AP’s Pro Animal Rights Style Bias

by Wesley J. Smith

Animal rights and animal welfare are two different concepts.

The former is an ideology that creates an explicit moral equivalence or equality between animals and humans. In this view, what is done to an animal must be judged in the same manner as if done to a human being, or one is a “speciesist.” Hence, cattle ranching is an equivalent evil to slavery.

Animal welfare, on the other hand, deals with setting humane treatment standards and preventing abuse.

Animal welfare is a duty of human exceptionalism. Animal rights is opposed to human exceptionalism, explicitly and in implication. A lot of people–me included–support animal welfare but adamantly oppose animal rights.  

That is why a new change in the influential AP style book is so biased. From the newly amended standards: 

New entries have been added to the AP Stylebook Online. As an online subscriber, you can receive these updates whenever the Associated Press makes them. Every time you log into AP Stylebook Online, you can easily find recent updates by clicking on “New Entries” or “Recent Changes” in the left navigation bar…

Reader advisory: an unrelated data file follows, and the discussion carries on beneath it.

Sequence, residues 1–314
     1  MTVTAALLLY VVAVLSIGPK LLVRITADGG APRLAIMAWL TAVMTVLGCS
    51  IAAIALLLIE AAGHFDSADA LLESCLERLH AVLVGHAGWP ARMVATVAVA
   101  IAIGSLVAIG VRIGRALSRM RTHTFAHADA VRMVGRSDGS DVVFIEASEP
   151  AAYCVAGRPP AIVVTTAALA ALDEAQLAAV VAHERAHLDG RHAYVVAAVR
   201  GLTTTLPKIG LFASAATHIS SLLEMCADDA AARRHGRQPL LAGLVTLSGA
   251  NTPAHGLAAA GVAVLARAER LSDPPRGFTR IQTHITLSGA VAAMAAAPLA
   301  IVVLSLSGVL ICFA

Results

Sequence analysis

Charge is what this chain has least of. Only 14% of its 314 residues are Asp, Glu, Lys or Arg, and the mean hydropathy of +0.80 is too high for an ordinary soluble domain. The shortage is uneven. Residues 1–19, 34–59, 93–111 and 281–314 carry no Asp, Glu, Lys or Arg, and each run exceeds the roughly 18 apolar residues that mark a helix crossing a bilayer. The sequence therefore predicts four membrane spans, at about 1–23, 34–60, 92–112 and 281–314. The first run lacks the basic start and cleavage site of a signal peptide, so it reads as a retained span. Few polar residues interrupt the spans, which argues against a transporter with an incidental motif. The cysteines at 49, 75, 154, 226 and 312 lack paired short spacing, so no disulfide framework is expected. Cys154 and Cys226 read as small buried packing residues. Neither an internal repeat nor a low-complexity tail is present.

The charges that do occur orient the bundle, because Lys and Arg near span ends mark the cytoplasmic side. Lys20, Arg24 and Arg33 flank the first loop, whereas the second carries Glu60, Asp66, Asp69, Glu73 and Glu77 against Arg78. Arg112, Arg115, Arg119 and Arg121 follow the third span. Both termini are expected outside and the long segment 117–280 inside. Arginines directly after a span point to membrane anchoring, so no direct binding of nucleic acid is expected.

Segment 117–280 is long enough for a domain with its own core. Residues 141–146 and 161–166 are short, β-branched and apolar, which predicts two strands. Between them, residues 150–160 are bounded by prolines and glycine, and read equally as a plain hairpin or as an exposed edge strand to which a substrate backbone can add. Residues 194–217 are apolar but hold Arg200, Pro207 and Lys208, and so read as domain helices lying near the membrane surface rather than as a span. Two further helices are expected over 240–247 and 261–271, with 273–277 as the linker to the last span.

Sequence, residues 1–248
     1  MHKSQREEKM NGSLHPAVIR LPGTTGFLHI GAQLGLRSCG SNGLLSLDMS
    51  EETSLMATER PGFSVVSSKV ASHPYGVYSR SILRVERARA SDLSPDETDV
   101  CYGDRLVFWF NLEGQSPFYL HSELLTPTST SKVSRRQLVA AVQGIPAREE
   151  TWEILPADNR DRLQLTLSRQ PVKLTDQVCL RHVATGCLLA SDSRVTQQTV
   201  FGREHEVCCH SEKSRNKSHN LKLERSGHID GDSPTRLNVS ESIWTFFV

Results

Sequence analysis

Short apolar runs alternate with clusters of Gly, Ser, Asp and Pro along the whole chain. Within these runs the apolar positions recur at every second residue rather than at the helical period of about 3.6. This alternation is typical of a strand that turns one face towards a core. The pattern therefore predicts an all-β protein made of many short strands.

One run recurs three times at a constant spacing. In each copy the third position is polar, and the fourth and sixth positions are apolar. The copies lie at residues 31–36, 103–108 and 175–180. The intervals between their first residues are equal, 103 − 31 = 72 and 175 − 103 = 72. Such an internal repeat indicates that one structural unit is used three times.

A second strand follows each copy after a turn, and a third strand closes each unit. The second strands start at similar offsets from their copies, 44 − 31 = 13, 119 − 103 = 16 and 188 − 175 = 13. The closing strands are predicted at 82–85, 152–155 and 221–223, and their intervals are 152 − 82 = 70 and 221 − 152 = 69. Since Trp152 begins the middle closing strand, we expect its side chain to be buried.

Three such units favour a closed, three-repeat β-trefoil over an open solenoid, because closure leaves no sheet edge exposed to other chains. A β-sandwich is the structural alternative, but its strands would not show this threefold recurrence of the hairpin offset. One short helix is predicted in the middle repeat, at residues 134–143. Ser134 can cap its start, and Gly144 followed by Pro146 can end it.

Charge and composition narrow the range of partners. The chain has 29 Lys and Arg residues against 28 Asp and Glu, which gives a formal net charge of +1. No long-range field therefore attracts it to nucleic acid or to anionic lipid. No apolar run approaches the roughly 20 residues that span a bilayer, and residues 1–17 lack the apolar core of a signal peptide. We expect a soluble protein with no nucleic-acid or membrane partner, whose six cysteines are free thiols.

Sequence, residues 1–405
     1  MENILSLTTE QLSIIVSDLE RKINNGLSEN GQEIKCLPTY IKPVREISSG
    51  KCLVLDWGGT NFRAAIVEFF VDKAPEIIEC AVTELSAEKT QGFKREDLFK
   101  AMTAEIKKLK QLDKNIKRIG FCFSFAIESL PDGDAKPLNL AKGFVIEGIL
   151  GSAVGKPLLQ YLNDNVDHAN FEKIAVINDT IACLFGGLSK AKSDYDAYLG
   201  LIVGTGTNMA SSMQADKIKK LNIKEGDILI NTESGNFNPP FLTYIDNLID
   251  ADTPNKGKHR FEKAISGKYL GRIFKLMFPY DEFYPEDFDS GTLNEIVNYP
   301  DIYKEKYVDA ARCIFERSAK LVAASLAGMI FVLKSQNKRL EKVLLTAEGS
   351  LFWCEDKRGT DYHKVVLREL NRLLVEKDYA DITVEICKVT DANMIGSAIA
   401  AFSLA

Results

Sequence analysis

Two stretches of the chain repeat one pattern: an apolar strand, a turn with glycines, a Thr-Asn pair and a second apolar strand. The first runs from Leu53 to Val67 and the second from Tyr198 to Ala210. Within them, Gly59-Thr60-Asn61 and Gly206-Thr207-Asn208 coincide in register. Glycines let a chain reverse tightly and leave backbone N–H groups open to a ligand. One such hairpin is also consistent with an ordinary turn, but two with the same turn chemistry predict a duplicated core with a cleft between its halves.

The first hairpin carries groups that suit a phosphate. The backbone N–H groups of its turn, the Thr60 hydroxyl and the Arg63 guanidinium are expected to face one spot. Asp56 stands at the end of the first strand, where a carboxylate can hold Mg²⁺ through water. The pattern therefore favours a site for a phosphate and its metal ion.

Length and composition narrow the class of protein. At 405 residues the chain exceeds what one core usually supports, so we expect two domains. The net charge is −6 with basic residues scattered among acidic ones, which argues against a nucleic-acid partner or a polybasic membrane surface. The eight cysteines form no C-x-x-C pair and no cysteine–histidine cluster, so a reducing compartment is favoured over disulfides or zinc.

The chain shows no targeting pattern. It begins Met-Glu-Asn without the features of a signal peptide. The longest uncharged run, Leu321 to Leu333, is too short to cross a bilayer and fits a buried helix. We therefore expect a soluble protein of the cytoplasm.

Animal welfare activist. Use instead of animal rights activist.

But true animal rights activists oppose animal welfare because it accepts that humans may domesticate and use animals. Activists like Gary Francione are honest about it, PETA often hides its true ideology behind animal welfare-type advocacy.

Thus the AP’s guidelines would not only hide the truth in specific circumstances, but permits animal rights activists to hide their true beliefs–which is a big way in which they raise money.

When an animal rights activist makes an assertion–such as PETA’s Ingrid Newkirk saying, “A rat, is a pig, is a dog, is a boy”–and she is called an animal welfare activist, that is like hiding the wolf in sheep’s clothing. But she is still a wolf.